WASHINGTON -- After a 26-year court fight, Hughes Aircraft Co. gained the Supreme Court's permission yesterday to collect $112 million from the federal government for violating a Hughes patent on space satellite controls.
Without comment, the justices refused to hear a Justice Department appeal, probably marking the end of a dispute that has reached the highest court three times.
The Hughes invention at issue involves a guidance system that keeps satellites in the same spot over Earth as they orbit -- a stationary position that is vital to communications satellites.
A federal appeals court has ruled that 81 U.S. government satellites infringed on the Hughes patent by using guidance systems that were not exact copies of Hughes' but were close enough to be considered functionally equivalent. The court awarded Hughes -- now a subsidiary of General Motors Corp. -- $35 million in patent damages, plus $77 million total daily compensation for the infringement.
In urging the Supreme Court to pass up the case, Hughes' lawyers argued: "Perhaps no case in the annals of patent law has been litigated more thoroughly and laboriously than this one."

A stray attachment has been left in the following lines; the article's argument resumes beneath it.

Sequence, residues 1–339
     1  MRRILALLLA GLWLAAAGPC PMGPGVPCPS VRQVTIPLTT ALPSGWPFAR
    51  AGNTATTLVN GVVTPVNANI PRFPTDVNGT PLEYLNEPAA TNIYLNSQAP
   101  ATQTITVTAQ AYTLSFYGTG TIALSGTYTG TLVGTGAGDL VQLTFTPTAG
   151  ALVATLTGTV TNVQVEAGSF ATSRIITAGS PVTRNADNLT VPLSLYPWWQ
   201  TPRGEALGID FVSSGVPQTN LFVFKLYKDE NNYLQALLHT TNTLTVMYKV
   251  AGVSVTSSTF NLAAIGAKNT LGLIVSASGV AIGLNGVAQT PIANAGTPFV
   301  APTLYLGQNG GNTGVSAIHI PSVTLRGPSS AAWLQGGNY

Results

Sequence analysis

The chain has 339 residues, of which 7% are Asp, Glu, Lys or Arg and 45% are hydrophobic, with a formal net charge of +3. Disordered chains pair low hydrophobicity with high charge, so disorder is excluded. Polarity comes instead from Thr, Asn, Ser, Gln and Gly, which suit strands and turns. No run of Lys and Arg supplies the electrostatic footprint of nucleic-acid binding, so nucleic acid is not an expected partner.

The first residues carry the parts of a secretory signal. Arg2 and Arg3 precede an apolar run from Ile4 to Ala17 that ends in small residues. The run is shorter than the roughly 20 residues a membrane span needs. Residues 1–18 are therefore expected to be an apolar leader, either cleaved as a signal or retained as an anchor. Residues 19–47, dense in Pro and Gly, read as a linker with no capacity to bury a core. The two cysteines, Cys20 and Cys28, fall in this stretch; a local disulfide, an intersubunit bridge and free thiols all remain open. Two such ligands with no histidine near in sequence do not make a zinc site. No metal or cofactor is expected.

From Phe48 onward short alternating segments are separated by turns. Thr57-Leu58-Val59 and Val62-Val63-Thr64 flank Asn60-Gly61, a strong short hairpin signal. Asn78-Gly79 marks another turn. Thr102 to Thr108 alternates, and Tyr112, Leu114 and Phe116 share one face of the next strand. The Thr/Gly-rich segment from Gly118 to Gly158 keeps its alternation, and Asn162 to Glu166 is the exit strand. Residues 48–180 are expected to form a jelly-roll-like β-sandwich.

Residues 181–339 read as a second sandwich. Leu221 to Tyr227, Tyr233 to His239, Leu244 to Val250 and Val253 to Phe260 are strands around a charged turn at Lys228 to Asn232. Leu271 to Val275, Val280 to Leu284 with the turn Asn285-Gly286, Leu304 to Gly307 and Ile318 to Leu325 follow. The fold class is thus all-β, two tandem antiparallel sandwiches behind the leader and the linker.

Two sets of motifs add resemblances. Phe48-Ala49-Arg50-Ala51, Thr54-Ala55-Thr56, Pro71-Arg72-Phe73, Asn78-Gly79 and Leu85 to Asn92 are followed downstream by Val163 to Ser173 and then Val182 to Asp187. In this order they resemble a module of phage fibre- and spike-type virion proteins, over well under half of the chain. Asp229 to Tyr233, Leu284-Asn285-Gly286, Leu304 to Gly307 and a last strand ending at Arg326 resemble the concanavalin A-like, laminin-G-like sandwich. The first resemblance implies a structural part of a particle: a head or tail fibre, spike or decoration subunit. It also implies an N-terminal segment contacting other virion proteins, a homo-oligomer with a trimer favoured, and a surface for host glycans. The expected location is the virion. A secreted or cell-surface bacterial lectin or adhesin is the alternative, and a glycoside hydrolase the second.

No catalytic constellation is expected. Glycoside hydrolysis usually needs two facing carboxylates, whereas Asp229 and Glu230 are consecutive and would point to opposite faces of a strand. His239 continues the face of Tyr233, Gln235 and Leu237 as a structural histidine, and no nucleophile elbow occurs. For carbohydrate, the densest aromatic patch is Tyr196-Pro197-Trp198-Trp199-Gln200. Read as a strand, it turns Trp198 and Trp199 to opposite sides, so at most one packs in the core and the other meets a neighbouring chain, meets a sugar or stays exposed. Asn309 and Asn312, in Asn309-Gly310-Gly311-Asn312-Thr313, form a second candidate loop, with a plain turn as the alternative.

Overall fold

Hughes first applied for a patent on the invention in 1960, a year after a Hughes engineer, Donald Williams, designed the guidance system. It took until 1973 for Hughes to gain a patent, and it immediately sued the government for infringement.
Williams' invention used a rapidly firing jet to reposition the satellite, along with a method of sensing where the satellite was in relation to the sun, to allow ground crews to determine how to reposition it when necessary.
The government satellites used a somewhat different system, with commands to reposition the satellites generated by on-board computers.
But the U.S. Court of Appeals for the Federal Circuit, based in Washington, has twice ruled that the two systems were enough alike that the U.S. government had illegally imitated the central features of Hughes' control system.
Hughes' patent on the system was in force from 1973 to 1990, but its expiration did not end the dispute over the infringement.
Before the Hughes invention, the company noted, the U.S. government had been unable to develop satellites that would maintain a geostationary orbit.
Pub Date: 3/02/99